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Muslim man on explosives charges 'asked to work as spy for MI5'

Published 17/10/2016

Khalid Rashad, 63, is on trial at the Old Bailey charged with having about 8oz (226g) of explosives, a 9mm cartridge and five 8mm rounds
Khalid Rashad, 63, is on trial at the Old Bailey charged with having about 8oz (226g) of explosives, a 9mm cartridge and five 8mm rounds

A leading Muslim figure accused of keeping a stick of plastic explosives in his back garden near Wembley Stadium has told jurors how MI5 tried to recruit him as a "secret agent".

Khalid Rashad, 63, is on trial at the Old Bailey charged with having about 8oz (226g) of explosives, a 9mm cartridge and five 8mm rounds.

Police uncovered the explosives during a search of Rashad's terraced home and outbuilding in Monks Park, Wembley, north London, in April last year.

The building contractor has denied wrongdoing, claiming that someone else must have put it in the garage that he had built in his garden.

Giving evidence, Rashad told jurors that he was Jamaican and had changed his name when he converted to Islam in 1993.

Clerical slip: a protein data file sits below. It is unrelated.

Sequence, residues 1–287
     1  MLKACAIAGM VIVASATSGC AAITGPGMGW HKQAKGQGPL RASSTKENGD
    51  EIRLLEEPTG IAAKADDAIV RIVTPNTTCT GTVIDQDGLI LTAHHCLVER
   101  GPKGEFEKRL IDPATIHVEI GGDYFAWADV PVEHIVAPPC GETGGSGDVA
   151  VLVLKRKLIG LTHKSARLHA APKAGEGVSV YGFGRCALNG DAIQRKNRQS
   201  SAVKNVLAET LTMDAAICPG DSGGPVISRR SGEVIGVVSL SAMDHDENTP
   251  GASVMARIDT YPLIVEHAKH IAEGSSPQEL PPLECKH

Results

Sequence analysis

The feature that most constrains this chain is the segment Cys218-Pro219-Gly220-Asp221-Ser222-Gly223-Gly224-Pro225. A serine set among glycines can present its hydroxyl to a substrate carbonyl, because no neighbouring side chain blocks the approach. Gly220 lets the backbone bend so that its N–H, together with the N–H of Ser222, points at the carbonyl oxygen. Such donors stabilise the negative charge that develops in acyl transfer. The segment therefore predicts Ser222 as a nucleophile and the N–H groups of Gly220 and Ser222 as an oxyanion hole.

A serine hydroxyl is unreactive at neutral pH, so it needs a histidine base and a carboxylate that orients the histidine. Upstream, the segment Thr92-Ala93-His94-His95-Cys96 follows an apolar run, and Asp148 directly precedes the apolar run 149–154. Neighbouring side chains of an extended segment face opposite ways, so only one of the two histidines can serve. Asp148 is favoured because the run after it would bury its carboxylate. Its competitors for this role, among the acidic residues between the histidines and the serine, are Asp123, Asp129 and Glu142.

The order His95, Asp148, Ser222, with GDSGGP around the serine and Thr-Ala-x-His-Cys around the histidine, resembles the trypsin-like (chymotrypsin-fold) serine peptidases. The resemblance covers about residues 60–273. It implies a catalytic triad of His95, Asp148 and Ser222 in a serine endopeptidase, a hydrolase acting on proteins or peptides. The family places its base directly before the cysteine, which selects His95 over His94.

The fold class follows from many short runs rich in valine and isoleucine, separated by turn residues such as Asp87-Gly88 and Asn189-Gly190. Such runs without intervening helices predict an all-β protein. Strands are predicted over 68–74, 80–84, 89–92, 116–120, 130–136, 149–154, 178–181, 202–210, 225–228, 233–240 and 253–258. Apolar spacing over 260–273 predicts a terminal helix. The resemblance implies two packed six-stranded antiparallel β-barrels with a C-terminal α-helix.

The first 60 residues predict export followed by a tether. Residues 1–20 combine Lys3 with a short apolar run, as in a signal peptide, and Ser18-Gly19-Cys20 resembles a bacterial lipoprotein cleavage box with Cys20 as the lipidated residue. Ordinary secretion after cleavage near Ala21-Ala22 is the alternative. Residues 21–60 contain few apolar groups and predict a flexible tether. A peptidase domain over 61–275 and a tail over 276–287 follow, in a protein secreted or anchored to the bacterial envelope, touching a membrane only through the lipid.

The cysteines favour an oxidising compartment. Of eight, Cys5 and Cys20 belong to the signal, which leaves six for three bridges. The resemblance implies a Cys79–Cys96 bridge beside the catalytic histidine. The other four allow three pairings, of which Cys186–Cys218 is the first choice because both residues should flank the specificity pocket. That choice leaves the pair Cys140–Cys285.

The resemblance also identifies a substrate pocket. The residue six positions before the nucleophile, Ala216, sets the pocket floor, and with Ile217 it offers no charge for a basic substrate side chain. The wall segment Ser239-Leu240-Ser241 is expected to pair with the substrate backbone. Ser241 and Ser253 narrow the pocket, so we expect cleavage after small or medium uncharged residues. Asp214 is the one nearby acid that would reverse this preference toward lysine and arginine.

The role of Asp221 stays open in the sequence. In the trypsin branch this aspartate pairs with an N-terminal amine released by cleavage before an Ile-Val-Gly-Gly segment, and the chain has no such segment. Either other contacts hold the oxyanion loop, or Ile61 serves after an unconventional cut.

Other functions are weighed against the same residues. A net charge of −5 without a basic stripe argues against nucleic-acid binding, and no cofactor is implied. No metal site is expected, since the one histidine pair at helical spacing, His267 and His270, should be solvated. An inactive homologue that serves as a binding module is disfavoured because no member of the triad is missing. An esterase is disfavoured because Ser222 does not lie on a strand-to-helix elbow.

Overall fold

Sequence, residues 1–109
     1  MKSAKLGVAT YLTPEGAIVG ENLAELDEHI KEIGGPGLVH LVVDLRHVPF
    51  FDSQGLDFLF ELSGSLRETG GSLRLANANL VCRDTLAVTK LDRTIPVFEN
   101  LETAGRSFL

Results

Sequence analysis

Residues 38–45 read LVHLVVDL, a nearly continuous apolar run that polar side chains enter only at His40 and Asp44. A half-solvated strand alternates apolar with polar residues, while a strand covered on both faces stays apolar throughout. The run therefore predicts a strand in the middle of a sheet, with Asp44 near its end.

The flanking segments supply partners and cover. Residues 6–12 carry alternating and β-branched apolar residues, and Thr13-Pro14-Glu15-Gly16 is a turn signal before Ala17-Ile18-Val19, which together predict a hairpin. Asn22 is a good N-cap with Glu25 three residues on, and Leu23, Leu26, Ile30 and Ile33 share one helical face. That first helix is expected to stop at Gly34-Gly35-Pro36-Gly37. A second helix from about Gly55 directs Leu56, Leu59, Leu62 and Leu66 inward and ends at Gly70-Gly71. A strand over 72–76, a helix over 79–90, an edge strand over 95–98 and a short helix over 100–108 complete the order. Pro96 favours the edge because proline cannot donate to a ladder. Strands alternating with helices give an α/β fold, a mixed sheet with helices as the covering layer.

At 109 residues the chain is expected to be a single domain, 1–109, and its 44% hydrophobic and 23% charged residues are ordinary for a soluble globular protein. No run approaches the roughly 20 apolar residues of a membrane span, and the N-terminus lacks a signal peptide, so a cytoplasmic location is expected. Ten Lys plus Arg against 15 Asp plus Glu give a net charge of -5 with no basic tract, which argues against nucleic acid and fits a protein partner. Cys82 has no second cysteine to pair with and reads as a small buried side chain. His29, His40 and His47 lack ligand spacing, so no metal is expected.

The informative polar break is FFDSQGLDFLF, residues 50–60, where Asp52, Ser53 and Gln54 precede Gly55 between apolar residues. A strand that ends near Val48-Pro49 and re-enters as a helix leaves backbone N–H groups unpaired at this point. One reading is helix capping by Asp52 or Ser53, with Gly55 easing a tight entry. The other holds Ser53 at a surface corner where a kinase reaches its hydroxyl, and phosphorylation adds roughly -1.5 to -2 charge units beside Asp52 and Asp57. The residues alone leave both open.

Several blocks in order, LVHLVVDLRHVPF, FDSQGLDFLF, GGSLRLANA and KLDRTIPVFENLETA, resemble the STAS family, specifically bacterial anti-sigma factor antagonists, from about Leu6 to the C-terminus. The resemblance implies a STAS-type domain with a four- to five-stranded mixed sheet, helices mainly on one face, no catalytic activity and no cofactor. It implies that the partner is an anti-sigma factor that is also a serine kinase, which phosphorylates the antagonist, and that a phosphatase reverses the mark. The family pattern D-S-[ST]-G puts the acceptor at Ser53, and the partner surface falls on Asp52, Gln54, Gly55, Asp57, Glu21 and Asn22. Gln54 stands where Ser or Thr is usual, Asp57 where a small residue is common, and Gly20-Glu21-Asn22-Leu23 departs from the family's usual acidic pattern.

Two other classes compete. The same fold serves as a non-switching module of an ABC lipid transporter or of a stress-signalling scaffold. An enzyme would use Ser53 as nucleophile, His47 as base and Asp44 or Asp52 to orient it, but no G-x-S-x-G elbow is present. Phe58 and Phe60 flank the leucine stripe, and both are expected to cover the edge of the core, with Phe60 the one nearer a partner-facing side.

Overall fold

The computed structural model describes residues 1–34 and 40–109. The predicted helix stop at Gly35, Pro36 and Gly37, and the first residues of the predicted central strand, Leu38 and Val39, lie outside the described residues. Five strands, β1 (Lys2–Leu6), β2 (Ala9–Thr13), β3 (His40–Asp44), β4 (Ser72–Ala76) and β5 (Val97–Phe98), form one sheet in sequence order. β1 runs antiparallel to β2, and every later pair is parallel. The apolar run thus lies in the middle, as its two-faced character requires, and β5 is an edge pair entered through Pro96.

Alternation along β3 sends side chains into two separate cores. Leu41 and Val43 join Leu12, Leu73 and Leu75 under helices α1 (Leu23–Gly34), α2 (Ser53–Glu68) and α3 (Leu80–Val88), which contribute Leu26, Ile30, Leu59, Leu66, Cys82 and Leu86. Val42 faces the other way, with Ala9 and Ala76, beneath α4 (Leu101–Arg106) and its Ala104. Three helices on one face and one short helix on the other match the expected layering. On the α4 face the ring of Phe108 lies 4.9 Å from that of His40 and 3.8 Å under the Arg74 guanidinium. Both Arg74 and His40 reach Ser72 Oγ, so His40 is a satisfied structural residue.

He became a leading figure at the An-Noor Cultural and Community Centre in Acton, West London, although there were "tensions" between the cultures.

In 2012, Rashad said he was contacted by MI5 agents who invited him to a meeting in Whitehall.

He told jurors: "I travelled to Whitehall. I had a meeting in this building in Whitehall and I was there for almost three hours and I was invited to become an operative - a spy. I was asked to work for the service."

Asked by defence barrister Alphege Bell what they wanted him to do, Rashad said it was to spy on the Muslim community.

He said: "I was a leader in the Islamic community in west London and they would like to have someone like me in charge on the books."

Rashad told jurors he did not want to be "deceitful to the people I'm serving" and refused their offer but said he was "more than happy to work with them openly".

At a second meeting at a hotel in Hammersmith, the defendant said he was shown photographs of Muslim men who security services believed may be travelling out of the country.

But again, Rashad said he refused to spy on any young men and be a "secret agent".

Mr Bell asked if he had any views on whether the security services were connected with the explosives in his garage.

The defendant replied: "At the end of the day I cannot say I have because I have not seen anyone who put this thing there so I cannot point the finger and say I believe it's them."

Press Association

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